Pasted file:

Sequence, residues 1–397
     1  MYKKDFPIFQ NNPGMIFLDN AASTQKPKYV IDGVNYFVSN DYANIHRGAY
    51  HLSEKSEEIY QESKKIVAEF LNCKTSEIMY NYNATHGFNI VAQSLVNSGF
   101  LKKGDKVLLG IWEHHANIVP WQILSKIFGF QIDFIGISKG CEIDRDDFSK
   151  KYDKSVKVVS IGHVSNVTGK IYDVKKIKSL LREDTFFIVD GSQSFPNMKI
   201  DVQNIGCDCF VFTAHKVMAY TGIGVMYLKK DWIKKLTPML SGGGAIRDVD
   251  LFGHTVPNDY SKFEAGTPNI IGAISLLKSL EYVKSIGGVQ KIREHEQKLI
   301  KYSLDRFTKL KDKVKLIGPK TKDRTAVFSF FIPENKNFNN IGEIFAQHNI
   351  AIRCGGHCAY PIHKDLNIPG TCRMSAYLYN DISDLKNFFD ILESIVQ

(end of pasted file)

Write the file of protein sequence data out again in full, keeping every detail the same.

Sequence, residues 1–397
     1  MYKKDFPIFQ NNPGMIFLDN AASTQKPKYV IDGVNYFVSN DYANIHRGAY
    51  HLSEKSEEIY QESKKIVAEF LNCKTSEIMY NYNATHGFNI VAQSLVNSGF
   101  LKKGDKVLLG IWEHHANIVP WQILSKIFGF QIDFIGISKG CEIDRDDFSK
   151  KYDKSVKVVS IGHVSNVTGK IYDVKKIKSL LREDTFFIVD GSQSFPNMKI
   201  DVQNIGCDCF VFTAHKVMAY TGIGVMYLKK DWIKKLTPML SGGGAIRDVD
   251  LFGHTVPNDY SKFEAGTPNI IGAISLLKSL EYVKSIGGVQ KIREHEQKLI
   301  KYSLDRFTKL KDKVKLIGPK TKDRTAVFSF FIPENKNFNN IGEIFAQHNI
   351  AIRCGGHCAY PIHKDLNIPG TCRMSAYLYN DISDLKNFFD ILESIVQ